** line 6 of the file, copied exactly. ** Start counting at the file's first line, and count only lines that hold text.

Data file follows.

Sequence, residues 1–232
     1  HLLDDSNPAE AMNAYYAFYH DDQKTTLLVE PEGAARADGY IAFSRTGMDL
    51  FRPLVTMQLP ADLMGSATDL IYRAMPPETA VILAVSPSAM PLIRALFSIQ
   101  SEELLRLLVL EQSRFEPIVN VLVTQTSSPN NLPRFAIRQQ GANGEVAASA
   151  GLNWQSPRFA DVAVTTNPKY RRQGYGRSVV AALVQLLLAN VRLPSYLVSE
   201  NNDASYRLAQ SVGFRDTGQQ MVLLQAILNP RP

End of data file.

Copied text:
   201  NNDASYRLAQ SVGFRDTGQQ MVLLQAILNP RP